This elegant way to achieve database switching is to use the bridge mode.

Let's first look at the Driver class:

package com.mysql.cj.jdbc;

import java.sql.DriverManager;
import java.sql.SQLException;

public class Driver extends NonRegisteringDriver implements java.sql.Driver {
    public Driver() throws SQLException {
    }

    static {
        try {
            DriverManager.registerDriver(new Driver());
        } catch (SQLException var1) {
            throw new RuntimeException("Can't register driver!");
        }
    }
}

This code Class.forName("com.mysql.cj.jdbc.Driver") has two functions:

① , ask the JVM to find and load the specified Driver class.

② . execute the static code of this class, that is, register the MySQL Driver in the DriverManager class.

Next, let's look at the DriverManager class:

public class DriverManager {
  private final static CopyOnWriteArrayList<DriverInfo> registeredDrivers = new CopyOnWriteArrayList<DriverInfo>();

  //...
  static {
    loadInitialDrivers();
    println("JDBC DriverManager initialized");
  }
  //...

  public static synchronized void registerDriver(java.sql.Driver driver) throws SQLException {
    if (driver != null) {
      registeredDrivers.addIfAbsent(new DriverInfo(driver));
    } else {
      throw new NullPointerException();
    }
  }

  public static Connection getConnection(String url, String user, String password) throws SQLException {
    java.util.Properties info = new java.util.Properties();
    if (user != null) {
      info.put("user", user);
    }
    if (password != null) {
      info.put("password", password);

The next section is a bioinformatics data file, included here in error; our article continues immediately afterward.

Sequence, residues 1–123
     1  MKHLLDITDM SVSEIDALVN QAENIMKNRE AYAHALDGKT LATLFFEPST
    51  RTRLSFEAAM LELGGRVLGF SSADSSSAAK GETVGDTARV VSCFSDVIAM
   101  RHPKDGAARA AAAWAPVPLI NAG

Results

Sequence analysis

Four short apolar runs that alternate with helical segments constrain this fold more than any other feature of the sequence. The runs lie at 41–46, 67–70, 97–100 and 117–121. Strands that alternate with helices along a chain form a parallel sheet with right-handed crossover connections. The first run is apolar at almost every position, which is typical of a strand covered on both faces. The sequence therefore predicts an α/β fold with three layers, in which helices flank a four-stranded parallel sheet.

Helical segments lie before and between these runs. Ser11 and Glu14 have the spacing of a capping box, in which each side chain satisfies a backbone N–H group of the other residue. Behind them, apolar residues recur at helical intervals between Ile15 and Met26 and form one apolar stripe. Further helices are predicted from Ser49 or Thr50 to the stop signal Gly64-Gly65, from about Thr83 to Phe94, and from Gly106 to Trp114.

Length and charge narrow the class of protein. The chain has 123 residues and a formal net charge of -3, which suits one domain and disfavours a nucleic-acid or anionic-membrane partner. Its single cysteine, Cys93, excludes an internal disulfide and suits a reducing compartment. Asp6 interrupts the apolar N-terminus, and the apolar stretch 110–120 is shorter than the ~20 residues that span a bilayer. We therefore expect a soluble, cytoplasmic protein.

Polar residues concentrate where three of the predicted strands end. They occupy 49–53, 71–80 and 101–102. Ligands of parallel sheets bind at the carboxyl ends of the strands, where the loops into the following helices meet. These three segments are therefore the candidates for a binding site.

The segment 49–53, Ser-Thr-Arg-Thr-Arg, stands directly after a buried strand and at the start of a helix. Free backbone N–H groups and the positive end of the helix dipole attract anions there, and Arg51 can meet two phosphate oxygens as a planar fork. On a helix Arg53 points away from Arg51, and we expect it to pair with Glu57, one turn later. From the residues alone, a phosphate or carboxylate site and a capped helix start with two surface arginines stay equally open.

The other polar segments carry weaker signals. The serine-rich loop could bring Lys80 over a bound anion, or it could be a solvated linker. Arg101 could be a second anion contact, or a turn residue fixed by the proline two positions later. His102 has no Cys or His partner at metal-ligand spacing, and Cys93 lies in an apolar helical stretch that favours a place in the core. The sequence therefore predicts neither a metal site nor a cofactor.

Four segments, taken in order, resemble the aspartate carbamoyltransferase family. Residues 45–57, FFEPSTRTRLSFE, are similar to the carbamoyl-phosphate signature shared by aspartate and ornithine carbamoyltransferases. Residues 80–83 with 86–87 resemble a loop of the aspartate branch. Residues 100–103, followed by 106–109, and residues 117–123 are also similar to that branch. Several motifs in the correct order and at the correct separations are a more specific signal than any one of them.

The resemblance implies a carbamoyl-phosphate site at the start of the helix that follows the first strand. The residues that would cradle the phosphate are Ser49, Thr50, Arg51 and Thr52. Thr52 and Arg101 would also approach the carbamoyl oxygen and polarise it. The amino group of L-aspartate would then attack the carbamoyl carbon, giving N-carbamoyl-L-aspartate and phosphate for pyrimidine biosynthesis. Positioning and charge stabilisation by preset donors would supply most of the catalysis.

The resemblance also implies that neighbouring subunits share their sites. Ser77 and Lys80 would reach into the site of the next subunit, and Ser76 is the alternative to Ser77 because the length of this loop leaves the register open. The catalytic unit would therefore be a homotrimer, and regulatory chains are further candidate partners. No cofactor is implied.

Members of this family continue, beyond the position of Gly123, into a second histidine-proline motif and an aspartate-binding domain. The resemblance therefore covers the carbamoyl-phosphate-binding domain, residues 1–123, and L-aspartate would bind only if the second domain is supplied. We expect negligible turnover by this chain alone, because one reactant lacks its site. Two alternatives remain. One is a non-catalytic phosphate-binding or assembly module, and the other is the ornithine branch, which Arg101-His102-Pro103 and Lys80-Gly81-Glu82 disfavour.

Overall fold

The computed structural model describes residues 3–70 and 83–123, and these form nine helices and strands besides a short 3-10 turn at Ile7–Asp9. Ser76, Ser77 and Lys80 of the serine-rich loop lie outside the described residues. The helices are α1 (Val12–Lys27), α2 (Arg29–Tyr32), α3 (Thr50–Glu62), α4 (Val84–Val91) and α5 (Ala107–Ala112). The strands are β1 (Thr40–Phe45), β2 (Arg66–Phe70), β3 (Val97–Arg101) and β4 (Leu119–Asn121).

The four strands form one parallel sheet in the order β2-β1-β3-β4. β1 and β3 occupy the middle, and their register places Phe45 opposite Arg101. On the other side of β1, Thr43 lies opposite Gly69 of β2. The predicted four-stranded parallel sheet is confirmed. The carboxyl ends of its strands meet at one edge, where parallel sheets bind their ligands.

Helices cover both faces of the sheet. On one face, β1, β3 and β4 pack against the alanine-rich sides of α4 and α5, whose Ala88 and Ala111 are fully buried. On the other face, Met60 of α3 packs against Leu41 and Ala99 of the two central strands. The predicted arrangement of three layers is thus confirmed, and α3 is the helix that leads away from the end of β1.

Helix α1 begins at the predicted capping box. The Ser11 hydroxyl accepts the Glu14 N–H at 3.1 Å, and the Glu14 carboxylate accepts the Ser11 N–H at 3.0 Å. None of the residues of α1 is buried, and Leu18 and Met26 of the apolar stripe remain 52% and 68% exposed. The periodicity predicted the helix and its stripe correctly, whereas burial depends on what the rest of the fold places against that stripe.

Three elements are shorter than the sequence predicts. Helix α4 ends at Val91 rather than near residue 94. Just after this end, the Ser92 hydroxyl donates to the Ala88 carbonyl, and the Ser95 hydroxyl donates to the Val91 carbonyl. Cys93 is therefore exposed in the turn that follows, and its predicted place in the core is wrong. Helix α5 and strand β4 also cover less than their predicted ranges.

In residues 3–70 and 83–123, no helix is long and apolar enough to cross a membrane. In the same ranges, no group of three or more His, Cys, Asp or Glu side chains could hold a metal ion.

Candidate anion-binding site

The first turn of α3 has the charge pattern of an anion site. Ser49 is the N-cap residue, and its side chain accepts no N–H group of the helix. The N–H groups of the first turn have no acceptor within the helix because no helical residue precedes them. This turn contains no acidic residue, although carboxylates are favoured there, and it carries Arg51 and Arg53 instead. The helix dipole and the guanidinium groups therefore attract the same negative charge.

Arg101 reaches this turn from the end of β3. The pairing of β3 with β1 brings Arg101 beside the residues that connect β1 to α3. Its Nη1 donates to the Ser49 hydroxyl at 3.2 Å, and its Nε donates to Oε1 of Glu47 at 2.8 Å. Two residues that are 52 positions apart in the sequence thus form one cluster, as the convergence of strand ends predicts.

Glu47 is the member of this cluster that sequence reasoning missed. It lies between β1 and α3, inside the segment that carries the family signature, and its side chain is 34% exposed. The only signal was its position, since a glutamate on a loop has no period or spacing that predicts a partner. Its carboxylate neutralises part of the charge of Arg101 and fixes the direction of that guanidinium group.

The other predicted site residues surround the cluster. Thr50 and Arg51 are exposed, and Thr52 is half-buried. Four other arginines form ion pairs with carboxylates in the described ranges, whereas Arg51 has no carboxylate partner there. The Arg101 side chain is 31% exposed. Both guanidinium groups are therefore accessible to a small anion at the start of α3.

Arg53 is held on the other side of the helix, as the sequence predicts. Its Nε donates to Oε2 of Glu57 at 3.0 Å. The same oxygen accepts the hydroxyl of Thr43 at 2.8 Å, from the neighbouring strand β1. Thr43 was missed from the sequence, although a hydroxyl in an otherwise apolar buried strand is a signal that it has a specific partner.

}
    return (getConnection(url, info, Reflection.getCallerClass()));
  }
  //...
}

After registering the specific driver implementation class (for example, com.mysql.cj.jdbc.Driver) with the DriverManager, all subsequent calls to the JDBC interface will be delegated to the specific driver implementation class for execution. The driver implementation classes all implement the same interface (java.sql.Driver), which is also the reason why the driver can be switched flexibly.

5. Advantages of bridging mode

① Separation of, abstraction and Implementation

This is also the main feature of bridge mode. It is a design mode proposed to solve the shortcomings of inheritance. In this mode, the implementation can be free from abstract constraints and no longer bound to a fixed abstraction level.

② Excellent expansion ability

Take a look at our example. Would you like to add an implementation? no problem! If you want to add abstraction, there is no problem! As long as the exposed interface layer allows such changes, we have minimized the possibility of changes.

③ . make details transparent to customers

Customers don't care about the implementation of details. It has been encapsulated by the abstraction layer through aggregation relations.

6. Bridging mode application scenario

① If a system needs to add more flexibility between the abstract and concrete roles of components, avoid establishing static inheritance relations between the two levels, and enable them to establish an association relationship at the abstract level through bridging mode.

② For those systems that do not want to use inheritance or the number of system classes increases sharply due to multi-level inheritance, the bridging mode is particularly suitable.

③ . a class has two independently changing dimensions, and both dimensions need to be extended.

Tags: Design Pattern

Posted on Tue, 23 Nov 2021 06:29:28 -0500 by jazzydog